Senior officials in the Yamina party are suggesting that the talks between Chairman Naftali Bennett and Bezalel Smotrich regarding a joint run have reached a dead end and are currently on the verge of exploding, Reshet Bet radio reported Tuesday morning.
Apart from the debate over whose people get the higher slots on the list, there exists a significant gap between Bennett and Smutrich with regard to the question of building a coalition the day after the election. Bennett is interested in the possibility of forming a coalition with the center-left parties, including Yair Lapid’s Yesh Atid, which is projected to receive between 14 and 18 seats – but Smotrich has made it painfully clear in his talks with Bennett that this is not acceptable to him and that he could not possibly join such a move.
A serious dispute has also emerged between the two Yamina leaders over Bennett’s plan to focus the campaign only on the Corona issue – from the health and economic perspectives. Smotrich demands that other issues be included in the party’s platform, such as reforming the country’s legal system, the treatment of Jewish tradition in the country, and the future of the Judea and Samaria settlement—most notably the imposition of Israeli law on the Jewish communities in the liberated territories.
At this point, it appears that the two leaders are on the verge of a breakup.
MK Bennett’s office issued a statement saying “negotiations are taking place as planned in order to complete them quickly and be free to bring change to the State of Israel.” Smotrich’s office did not comment.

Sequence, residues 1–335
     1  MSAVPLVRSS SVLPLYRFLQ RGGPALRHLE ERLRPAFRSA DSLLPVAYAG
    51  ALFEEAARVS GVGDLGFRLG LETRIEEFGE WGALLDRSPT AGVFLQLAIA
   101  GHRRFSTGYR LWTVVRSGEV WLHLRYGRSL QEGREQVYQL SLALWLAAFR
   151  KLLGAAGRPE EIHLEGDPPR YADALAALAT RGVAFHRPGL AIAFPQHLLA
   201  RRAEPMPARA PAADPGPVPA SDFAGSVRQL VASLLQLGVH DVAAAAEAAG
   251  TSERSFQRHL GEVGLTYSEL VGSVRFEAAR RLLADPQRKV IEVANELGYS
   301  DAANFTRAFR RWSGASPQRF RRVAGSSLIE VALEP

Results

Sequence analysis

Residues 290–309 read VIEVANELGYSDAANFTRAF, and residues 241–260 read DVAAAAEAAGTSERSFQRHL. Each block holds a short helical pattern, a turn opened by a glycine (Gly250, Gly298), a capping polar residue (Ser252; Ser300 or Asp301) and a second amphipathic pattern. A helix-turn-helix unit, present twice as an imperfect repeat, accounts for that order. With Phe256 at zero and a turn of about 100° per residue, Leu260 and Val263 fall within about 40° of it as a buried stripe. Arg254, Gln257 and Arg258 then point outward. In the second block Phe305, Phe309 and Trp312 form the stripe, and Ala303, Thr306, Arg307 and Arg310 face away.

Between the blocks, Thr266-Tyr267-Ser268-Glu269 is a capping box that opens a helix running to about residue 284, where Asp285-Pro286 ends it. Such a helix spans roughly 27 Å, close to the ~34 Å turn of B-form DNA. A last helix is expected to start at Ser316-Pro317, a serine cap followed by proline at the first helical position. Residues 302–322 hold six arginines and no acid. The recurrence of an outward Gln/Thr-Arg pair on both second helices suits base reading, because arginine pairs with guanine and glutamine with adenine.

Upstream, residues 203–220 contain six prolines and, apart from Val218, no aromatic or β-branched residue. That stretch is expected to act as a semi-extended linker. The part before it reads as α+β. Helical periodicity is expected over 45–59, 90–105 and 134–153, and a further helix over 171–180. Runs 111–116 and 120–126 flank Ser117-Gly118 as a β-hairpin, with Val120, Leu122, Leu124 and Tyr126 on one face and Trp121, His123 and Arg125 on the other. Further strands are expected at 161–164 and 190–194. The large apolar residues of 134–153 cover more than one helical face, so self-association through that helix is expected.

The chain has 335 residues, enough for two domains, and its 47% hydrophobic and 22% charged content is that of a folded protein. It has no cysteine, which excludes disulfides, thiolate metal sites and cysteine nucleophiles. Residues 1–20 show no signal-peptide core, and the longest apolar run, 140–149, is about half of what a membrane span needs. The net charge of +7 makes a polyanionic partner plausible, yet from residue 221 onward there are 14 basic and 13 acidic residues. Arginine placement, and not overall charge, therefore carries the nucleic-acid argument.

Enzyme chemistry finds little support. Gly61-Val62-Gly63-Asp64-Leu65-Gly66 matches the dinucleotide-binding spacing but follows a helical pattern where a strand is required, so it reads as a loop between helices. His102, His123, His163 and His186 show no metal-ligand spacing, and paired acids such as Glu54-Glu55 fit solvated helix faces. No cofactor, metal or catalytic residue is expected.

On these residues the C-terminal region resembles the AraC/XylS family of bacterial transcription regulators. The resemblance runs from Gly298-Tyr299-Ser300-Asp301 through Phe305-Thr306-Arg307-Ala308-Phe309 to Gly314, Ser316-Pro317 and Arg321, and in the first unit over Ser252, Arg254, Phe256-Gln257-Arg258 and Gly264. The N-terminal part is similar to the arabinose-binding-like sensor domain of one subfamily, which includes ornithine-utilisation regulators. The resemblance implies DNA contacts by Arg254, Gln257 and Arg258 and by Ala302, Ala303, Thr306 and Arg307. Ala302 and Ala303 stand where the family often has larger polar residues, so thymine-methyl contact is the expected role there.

Yamina MK Ayelet Shaked told Reshet Bet Tuesday: “There are always gaps but we will run together. Everyone here believes that any national-Zionist party that wants to work with us will be invited to a coalition led by Bennett.”
Yamina’s sister Party, Habayit Hayehudi, is expecting its chairman, Minister Rafi Peretz, to resign from his leadership post and make room for a new candidate. Three prominent candidates will probably run for the post of chairman: the party director-general Nir Orbach, former MK Moti Yogev, and Rabbi Eli Ben Dahan.
If Orbach becomes Habayit Hayehudi chairman, he will most likely unite with Yamina to form a right-wing, religious-Zionist coalition that could get between 10 and 15 mandates in the March election (Perhaps fewer, since the parties that were led by Naftali Bennett have had a sad history of doing great in the polls and failing miserably in the actual election).
But if Yogev or Ben Dahan are elected chairman of Habayit Hayehudi, they may unite with Smotrich, who would retire from his union with Bennett and Shaked, and once again the religious right would be split into two parties that would barely pass the threshold percentage and may even disappear entirely.
Currently, the Yamina party led by Bennett with Smotrich in it has dropped in the polls to 12 seats, after having already reached more than 20 seats. The factor that changed Yamina’s fate was the resignation of Gideon Saar from the Likud when all the center-right votes that were parked with Yamina moved happily to Saar’s parking lot.